This year’s slate of Super Bowl ads began to look past the pandemic with real optimism, offering lighthearted moments of joy and inspiration for viewers. Travel companies came off the bench to celebrate the cautious return of tourism, while messages of health and sustainability were delivered with empowerment rather than doom and gloom. Many small business tools and platforms made their Super Bowl debuts to vitalize the growing ranks of micropreneurs, and, unsurprisingly, the metaverse and what it portends was a major focus.

Read on for the key themes from this year’s Super Bowl ads.

Micropreneurial gold rush

Business optimization platforms, while not the sexiest of Super Bowl advertisers, are finding a growing audience thanks to the continued rise of micropreneurs, who are turning passion projects into careers. 17 million new businesses will be launched in 2022, according to Intuit’s 2021 New Business Insights report, and will need the tools to help them run smoothly.

SquareSpace targeted small business owners in a spot featuring Zendaya. “Through this campaign, we hope to inspire the entrepreneurial spirit of a generation of creators that are building brands, and selling the things they're passionate about,” said Anthony Casalena, Founder and CEO of SquareSpace. “We aim to give them all the tools they need to grow a thriving online business.”

Several business productivity platforms made their Super Bowl debuts., a work operating system that helps organizations of any size create the tools and processes they need to manage every aspect of their work, launched its first-ever Super Bowl ad this year. ClickUp, which sells project management software, also made a big bet on its first Super Bowl spot. And Intuit’s Quickbooks promoted its financial resources for new businesses in its first Super Bowl ad. “Our ad celebrates the entrepreneurial spirit and reveals the range of emotions that come with starting a small business,” said Dan McCarthy, senior vice president and chief business officer at Intuit, in a statement. “We’re excited to have this incredible opportunity to inspire the millions of new entrepreneurs who will be watching the game.”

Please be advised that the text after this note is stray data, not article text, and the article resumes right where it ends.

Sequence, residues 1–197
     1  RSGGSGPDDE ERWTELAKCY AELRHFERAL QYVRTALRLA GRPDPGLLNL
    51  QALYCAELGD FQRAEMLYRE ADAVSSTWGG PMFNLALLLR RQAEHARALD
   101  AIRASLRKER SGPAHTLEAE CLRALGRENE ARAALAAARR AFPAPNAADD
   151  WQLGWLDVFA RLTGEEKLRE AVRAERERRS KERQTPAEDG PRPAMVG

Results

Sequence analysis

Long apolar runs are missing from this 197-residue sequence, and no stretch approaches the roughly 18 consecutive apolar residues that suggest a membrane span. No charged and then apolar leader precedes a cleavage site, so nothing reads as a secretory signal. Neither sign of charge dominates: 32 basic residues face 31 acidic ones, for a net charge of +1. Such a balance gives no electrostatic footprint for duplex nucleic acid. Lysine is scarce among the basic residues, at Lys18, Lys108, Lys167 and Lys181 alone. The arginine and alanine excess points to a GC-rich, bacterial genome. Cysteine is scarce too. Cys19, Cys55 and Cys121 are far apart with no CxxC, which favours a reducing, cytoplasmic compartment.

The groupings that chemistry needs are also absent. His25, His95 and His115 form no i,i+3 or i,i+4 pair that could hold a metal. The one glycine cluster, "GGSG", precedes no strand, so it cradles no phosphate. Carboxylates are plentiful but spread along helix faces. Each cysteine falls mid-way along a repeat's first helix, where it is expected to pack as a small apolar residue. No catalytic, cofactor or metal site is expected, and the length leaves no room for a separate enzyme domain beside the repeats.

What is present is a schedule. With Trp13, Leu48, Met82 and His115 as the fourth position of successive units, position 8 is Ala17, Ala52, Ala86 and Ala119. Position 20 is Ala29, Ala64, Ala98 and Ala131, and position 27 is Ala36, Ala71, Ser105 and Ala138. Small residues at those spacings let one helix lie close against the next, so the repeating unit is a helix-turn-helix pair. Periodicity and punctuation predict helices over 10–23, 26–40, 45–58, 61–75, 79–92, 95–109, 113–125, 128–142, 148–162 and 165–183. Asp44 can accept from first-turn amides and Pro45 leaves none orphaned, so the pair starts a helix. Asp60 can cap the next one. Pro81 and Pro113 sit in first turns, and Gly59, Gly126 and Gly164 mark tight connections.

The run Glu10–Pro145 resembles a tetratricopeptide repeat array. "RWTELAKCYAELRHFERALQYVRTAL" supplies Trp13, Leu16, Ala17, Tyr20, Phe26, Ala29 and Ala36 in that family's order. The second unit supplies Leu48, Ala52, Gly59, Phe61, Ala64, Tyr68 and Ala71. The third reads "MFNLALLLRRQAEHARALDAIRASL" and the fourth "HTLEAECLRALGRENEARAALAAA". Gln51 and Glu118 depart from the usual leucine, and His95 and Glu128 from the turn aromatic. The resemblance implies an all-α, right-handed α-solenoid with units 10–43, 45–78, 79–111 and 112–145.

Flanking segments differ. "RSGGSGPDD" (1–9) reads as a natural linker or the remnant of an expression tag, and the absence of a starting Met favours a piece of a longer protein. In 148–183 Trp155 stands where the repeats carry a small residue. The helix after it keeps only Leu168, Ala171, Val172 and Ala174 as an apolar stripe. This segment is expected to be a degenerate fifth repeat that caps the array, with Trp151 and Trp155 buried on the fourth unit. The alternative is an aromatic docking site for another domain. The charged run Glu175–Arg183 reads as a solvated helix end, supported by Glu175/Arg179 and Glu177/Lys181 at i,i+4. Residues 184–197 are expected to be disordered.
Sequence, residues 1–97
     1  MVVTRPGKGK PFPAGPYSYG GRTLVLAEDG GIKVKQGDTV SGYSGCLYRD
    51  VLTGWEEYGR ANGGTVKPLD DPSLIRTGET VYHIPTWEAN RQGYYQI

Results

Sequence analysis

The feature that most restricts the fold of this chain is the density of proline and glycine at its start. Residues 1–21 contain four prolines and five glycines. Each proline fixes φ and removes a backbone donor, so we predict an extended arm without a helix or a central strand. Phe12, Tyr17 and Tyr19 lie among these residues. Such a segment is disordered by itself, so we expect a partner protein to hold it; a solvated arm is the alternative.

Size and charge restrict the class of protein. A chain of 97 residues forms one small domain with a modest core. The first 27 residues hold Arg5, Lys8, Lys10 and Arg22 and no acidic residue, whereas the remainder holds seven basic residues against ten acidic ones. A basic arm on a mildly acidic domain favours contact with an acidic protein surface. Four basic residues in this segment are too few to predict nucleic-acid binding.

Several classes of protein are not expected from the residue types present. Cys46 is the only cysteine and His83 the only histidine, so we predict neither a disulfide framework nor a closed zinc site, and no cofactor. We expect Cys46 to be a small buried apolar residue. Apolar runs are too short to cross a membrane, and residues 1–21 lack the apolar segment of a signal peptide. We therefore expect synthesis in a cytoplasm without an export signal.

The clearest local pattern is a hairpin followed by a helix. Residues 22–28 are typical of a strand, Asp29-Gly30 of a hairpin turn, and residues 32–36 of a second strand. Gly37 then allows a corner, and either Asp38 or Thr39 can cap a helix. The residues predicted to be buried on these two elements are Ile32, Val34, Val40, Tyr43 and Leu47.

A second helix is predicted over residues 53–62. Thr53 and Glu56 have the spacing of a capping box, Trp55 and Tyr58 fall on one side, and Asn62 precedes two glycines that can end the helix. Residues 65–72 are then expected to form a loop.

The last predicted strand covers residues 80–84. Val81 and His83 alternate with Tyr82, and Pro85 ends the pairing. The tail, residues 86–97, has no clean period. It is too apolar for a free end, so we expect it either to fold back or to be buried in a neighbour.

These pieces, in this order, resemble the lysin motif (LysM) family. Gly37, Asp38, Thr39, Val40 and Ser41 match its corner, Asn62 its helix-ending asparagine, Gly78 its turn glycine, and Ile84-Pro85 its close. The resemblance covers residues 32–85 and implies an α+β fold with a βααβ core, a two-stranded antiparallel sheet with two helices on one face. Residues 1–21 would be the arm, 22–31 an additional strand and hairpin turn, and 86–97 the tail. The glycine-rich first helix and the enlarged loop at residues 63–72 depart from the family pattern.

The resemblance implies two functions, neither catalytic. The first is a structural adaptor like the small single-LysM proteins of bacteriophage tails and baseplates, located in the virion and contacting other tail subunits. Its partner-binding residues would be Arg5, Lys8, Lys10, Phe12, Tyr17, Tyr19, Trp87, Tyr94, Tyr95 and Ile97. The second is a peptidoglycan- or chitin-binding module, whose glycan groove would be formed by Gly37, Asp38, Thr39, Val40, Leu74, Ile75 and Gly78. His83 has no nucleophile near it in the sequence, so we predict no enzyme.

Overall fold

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SquareSpace's Sally’s Seashells Big Game Commercial 2022, courtesy of YouTube.

Travel returns

After nearly two years of lockdowns and border closures, travel is picking up again—and travel companies made a strong showing during this year’s Super Bowl, hoping to capture viewers’ pent-up wanderlust as the world slowly reopens. aired its first-ever Super Bowl ad featuring Idris Elba. Turkish Airlines returned after last advertising at the 2020 Super Bowl with a spot featuring Morgan Freeman. And Expedia aired a spot featuring Ewan McGregor, which kicked off a 20-trip giveaway. “We committed to the Super Bowl spot seven months ago,” said Jon Gieselman, president of Expedia Brands. “I’m not a ‘do a Super Bowl ad for the sake of it’ kind of guy, so I wanted to make sure there was a ‘why’ behind it. And there is—it’s a big vote of confidence in 2022 as the year of the return to travel.”

Browser Tracking Protection enabled. Unable to display content.'s 2022 big game ad: Idris Elba says things, courtesy of YouTube.

Notable nostalgia

Nationally-loved series and sitcom stars reunited through new branded cameos.